They're also far worse in pushing vaccines than other drugs because they are pushing for forced vaccinations in a system where they also determine the perceived safety and necessity of their own vaccines while being immune to vaccine litigation.
Posted by: Jake Crosby | March 13, 2011 at 04:28 PM
"Pharmaceutical companies fund the bulk of clinical research that is carried out on medications. Poor outcomes from these studies can have negative effects on sales of medicines. Previous research has shown that company funded research is much more likely to yield positive outcomes than research with any other sponsorship....Thus far, efforts to contain bias have largely focused on more stringent rules regarding conflict-of-interest (COI) and clinical trial registries. There is no evidence that any measures that have been taken so far have stopped the biasing of clinical research and it’s not clear that they have even slowed down the process. Economic theory predicts that firms will try to bias the evidence base wherever its benefits exceed its costs. The examples given here confirm what theory predicts. What will be needed to curb and ultimately stop the bias that we have seen is a paradigm change in the way that we treat the relationship between pharmaceutical companies and the conduct and reporting of clinical trials."
Is it likely that pharmaceutical companies would be deceptive and underhanded in one area of their business (medications) and honest and aboveboard in their vaccine studies? Uh-uh.
Posted by: Carol | March 02, 2011 at 02:40 PM
To Kelly in Big D- One of my daughters vaccinated her child with MMR at age 3. Another daughter waited till two and a half.Whats the hurry? The only disease here that could be any problem at all is measles, and the chance of dying of that must be like getting hit by lightening . For MMR the child should be healthy, by the way , because the chance of getting sick afterwards, with any other disease, is high for 6 weeks. In case the child was vaccinated for flu, you really should wait , because the childs immune system could have been damaged by the flu vaccines and is not prepared to handle the MMR. Be careful !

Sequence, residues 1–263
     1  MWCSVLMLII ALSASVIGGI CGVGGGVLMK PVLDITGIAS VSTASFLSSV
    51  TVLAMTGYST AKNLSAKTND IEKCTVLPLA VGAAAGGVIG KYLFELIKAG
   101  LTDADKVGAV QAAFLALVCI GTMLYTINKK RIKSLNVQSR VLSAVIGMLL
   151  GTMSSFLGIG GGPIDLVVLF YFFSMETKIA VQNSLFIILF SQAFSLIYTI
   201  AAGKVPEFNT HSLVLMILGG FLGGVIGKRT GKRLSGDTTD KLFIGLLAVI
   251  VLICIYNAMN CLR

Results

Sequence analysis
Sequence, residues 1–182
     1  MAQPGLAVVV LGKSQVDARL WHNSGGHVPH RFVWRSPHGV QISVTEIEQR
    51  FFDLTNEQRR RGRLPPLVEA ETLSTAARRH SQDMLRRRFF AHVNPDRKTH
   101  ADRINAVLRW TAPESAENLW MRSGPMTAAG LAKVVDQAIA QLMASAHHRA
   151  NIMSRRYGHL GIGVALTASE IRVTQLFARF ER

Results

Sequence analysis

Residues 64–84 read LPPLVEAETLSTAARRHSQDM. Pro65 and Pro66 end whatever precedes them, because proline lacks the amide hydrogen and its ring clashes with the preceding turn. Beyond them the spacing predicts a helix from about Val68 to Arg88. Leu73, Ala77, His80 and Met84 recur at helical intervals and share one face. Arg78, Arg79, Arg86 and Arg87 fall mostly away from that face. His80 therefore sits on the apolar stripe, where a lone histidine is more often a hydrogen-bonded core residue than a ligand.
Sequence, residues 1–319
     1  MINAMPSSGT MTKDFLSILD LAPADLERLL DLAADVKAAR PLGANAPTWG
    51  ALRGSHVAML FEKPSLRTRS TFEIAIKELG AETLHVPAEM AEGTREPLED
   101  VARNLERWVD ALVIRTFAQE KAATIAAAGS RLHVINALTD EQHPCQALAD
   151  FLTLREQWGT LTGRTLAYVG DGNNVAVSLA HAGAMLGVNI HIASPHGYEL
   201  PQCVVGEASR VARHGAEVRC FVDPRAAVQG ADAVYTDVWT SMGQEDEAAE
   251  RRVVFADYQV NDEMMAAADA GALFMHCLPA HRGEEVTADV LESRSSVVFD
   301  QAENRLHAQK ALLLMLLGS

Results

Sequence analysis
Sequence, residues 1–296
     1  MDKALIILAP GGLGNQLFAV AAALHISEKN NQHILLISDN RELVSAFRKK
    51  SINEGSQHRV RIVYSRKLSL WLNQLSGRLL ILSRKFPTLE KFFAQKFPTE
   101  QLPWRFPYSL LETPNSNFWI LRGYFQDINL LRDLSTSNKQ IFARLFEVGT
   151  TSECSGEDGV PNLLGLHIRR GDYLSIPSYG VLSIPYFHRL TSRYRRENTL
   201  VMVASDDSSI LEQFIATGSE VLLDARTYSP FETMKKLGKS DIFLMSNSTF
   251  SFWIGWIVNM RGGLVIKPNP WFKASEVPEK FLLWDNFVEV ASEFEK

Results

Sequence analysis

Posted by: Cherry Sperlin Misra | March 02, 2011 at 12:49 PM
Zophie, yeah maybe time for another one pager in USA Today listing all the pharma-funded experts when it comes to autism and vaccine safety.
Posted by: Jen | March 01, 2011 at 08:01 PM
Thank you, everybody. I was as shocked as all of you are when I first found all this stuff out.
"you will either get the pulitzer prize or get shot"
I sure hope it's the former!
Posted by: Jake Crosby | March 01, 2011 at 02:16 PM
VACCINES CAUSE AUTISM
Great piece of work AGAIN, you will either get the pulitzer prize or get shot
Congratulations and be careful!!
VACCINES CAUSE AUTISM
Posted by: WILLIE | March 01, 2011 at 11:40 AM
elaine, Hopewell Pharmacy no longer has the single measles vaccine in stock. Merck stopped production in December 2008.
Posted by: Kristina | March 01, 2011 at 02:43 AM
Cronyism and greed. What an ugly couple.
Another excellent post, Jake!
Posted by: nhokkanen | February 28, 2011 at 11:52 PM
This is a great idea, Autism Grandma. We should expose all these pharma funded “experts” in the media and other organizations for who they are and for what they stand for. Parents should know why in the US, after presumed removal of thimerosal containing pediatric vaccines, immediately other thimerosal laced vaccines (flu) were pushed to be injected to infants and pregnant mothers.
Thimerosal is a well known toxin, there should be no doubt about that. In addition to causing encephalopathy and other brain injuries, which result in autism, it stimulates the inflammatory and autoimmune attacks on the thyroid and pancreas, contributing to Hashimoto disease and diabetes. Is anybody surprised that the same companies, which push toxic vaccines on children, also manufacture hormones and drugs to treat these debilitating vaccine-induced diseases?
Posted by: Zofie | February 28, 2011 at 11:32 PM
Thank you Jake. Wonderful piece exposing the intricate web. The Autism Science Foundation is a complete sham (and evil).